Research Briefing: Marketers make the shift as Google actually kills the cookie
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In this week’s Digiday+ Research Briefing, we examine how brands are turning to other data sources as Google begins to disable third-party cookies, and we delve into publishers’ revenue expectations and industry predictions for 2024, as seen in recent data from Digiday+ Research.
69% of brands pros are investing in tech to acquire first-party data
Google started to disable third-party cookies for 1% of Chrome users this month, and marketers are faced with shifting their data collection strategies to manage the fallout. Trends over the last few years have included a push for more full funnel marketing efforts, a recognition of the importance of owned channels vs. paid and a need to amp up loyalty programs to continue collecting first-party data.
First-party data is the clear winner among brands when it comes to what exactly will replace the third-party cookie. More than two-thirds of brand professionals (69%) said in Q2 2023 that they were investing in technology to acquire more first-party data, according to a Digiday+ Research survey.
Brands are also increasingly partnering with retail media networks (RMNs) thanks to their access to first-party data from customer transactions, loyalty programs, in-store purchases and online browsing behavior. Walmart’s Walmart Connect and Target’s Roundel were marketers’ second and third most-used retail media networks in 2023, according to Digiday+ Research’s CMO Strategies report.
As the most-used RMN after Amazon, Walmart Connect has access to swaths of consumer data that can be used for ad targeting and personalization. Meanwhile, Roundel taps into Target’s first-party customer data across its online site as well as its mobile app, which can be used to trace customer behavior in stores too.
Insights and stats:
- “Brand demand for this type of data is expected to increase as brands realize the limitations posed by the demise of third-party cookies and privacy regulations. They’ll need to turn to marketing channels that offer data to help with enhanced audience targeting and personalized advertising experiences.” — Maren Kelly, vp of marketing at brand commerce platform PriceSpider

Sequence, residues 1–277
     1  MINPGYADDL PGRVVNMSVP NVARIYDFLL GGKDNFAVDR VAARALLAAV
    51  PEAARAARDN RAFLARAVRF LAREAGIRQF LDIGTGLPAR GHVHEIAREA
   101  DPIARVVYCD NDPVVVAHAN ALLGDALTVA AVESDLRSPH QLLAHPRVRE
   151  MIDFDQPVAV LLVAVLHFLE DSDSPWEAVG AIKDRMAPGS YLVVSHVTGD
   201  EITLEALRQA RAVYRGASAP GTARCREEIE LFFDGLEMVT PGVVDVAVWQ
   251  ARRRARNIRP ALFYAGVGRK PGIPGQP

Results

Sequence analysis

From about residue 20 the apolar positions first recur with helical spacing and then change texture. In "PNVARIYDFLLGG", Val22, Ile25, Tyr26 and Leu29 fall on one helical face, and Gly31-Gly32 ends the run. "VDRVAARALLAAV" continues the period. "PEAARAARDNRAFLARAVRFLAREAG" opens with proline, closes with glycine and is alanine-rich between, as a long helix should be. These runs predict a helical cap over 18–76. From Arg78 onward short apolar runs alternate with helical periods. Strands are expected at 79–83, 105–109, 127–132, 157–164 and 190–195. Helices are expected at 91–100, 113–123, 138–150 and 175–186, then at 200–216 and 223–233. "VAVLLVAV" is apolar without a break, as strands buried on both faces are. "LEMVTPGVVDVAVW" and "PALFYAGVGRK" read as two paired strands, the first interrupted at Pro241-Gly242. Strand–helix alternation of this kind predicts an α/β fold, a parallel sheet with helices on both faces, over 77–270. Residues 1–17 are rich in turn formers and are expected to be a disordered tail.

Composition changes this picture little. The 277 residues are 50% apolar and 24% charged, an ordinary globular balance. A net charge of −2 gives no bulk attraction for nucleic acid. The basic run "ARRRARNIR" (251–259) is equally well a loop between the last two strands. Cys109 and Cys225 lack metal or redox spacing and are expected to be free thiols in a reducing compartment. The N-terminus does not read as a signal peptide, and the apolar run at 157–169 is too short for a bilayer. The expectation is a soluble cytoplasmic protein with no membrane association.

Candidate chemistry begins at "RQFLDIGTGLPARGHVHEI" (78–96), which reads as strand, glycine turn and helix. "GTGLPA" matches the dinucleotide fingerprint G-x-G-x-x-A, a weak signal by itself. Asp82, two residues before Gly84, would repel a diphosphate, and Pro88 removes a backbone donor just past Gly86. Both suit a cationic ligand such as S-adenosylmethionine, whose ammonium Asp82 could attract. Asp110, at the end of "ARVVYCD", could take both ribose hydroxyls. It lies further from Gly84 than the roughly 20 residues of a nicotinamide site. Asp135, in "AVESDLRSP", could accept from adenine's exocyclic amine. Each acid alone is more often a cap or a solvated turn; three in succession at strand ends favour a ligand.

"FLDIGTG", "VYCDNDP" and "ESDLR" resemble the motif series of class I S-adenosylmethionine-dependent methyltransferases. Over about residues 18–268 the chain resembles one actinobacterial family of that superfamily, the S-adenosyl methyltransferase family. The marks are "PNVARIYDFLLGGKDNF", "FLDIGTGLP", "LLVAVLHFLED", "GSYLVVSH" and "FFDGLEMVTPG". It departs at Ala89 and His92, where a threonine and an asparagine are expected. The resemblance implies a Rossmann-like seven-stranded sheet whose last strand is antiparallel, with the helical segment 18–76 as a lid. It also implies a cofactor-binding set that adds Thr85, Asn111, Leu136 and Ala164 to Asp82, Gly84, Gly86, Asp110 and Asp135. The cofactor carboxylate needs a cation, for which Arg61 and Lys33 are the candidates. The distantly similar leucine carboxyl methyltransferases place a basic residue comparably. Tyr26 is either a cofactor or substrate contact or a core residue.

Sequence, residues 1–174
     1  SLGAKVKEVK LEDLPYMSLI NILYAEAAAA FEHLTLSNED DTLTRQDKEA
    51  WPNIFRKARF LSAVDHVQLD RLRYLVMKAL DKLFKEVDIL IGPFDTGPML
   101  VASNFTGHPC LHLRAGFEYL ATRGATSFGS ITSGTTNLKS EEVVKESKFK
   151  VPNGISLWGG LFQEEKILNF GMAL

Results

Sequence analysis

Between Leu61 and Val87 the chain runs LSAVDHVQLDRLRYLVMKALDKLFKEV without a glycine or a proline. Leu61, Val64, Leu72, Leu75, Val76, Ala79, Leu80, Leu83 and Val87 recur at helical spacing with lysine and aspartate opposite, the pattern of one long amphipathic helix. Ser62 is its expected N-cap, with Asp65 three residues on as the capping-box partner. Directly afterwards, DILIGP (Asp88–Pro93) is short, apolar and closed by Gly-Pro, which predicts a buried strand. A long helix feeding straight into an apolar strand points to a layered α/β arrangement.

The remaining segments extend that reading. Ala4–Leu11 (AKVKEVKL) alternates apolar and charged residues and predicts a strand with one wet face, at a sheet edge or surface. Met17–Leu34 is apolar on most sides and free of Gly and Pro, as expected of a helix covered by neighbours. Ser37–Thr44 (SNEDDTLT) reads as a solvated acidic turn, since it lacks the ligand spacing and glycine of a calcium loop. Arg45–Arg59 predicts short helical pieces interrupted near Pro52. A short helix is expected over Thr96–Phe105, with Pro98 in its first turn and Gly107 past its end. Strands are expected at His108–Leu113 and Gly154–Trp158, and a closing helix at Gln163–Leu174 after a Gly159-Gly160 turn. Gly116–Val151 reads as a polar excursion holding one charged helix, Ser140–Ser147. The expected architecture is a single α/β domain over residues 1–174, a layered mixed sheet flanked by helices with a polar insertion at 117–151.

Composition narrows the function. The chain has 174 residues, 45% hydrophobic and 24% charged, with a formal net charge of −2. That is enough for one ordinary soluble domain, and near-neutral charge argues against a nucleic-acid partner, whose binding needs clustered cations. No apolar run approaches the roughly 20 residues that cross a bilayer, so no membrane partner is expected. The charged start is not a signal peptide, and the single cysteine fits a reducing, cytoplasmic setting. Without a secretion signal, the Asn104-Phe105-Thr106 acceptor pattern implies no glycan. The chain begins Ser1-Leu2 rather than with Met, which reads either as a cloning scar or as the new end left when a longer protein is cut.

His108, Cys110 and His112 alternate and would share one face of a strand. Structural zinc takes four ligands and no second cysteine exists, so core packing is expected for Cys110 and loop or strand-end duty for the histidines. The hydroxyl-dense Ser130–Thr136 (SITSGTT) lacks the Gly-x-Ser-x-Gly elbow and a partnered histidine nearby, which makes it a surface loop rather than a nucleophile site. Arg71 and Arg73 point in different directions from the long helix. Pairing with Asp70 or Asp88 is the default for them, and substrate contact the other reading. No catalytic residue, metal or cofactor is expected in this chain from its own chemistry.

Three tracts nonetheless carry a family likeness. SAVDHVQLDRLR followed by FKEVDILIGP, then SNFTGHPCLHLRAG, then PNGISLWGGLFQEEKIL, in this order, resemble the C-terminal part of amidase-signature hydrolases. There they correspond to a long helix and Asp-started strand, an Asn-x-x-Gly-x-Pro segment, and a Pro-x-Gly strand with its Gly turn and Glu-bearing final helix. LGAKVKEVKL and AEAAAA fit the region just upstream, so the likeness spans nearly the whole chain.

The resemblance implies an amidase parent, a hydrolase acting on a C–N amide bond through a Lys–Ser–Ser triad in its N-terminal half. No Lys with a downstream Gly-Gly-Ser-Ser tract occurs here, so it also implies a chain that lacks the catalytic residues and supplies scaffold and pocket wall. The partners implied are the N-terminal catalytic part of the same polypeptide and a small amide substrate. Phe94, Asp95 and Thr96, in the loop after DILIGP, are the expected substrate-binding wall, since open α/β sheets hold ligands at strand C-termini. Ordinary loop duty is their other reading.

- Over a third of marketers (38%) said they use retail media advertising, putting it just behind display ads (used by 61% of respondents) and social media (used by 97% of respondents) as a top marketing channel.
- Grocery store chains are becoming attractive RMN partners thanks to how frequently consumers make purchases there, which gives grocers more data on how their customers shop compared to other retailers. A forthcoming Kroger-Albertsons merger would mean a combined reach of approximately 85 million households, according to the companies — and presumably their associated data.
Digiday+ Research digest
Half of publishers expected revenues to increase in 2023, but only about a third of publishers saw revenue growth in 2023. That’s according to Digiday+ Research surveys of over 100 publisher professionals. Fifty-one percent of publisher pros said in Q4 2022 that they expected 2023 revenues to increase. In reality, just more than a third (36%) said in Q4 2023 their revenues actually turned out to be higher last year than the year before. However, publishers’ 2023 struggles are not stopping them from hoping for a better year in 2024.
- Half of publishers (50%) said in Q4 2023 that they agreed their companies’ ad revenues will grow in 2024, albeit to varying degrees. Thirty-five percent said they somewhat agreed their ad revenues will grow this year, while 15% said they strongly agreed.
- Most of the publishers who are hopeful about 2024 revenue growth are exhibiting somewhat of a tempered optimism. Thirty-eight percent of publisher pros said that they think their companies’ 2024 revenues will increase by between 1% and 10%.
- About a quarter of publisher pros (27%) said they think their revenues will remain about the same in 2024, and only 16% said they expect their revenues to decrease.
Although publishers think their own companies’ prospects for 2024 are bright, they feel differently about the media industry as a whole. Nearly two-thirds of publisher professionals (63%) said they agreed that they’re optimistic about their companies’ prospects this year, but just 20% of respondents agreed that they’re optimistic about the media industry’s prospects. This is according to a Digiday+ Research survey of 54 publisher professionals conducted late in Q4 2023. Publishers’ optimism about their companies’ performance isn’t exactly unbridled, though.
- More than half of publisher respondents (56%) said they agreed only somewhat that they’re optimistic about their companies’ prospects for this year, while only 7% agreed strongly that they’re optimistic.
- The largest share of respondents said they’re just neutral about whether the media industry will have a successful year. Thirty-five percent of publisher pros said that they neither agreed nor disagreed that they’re optimistic about the media industry’s prospects for 2024.
Read more about publishers’ industry projections for 2024
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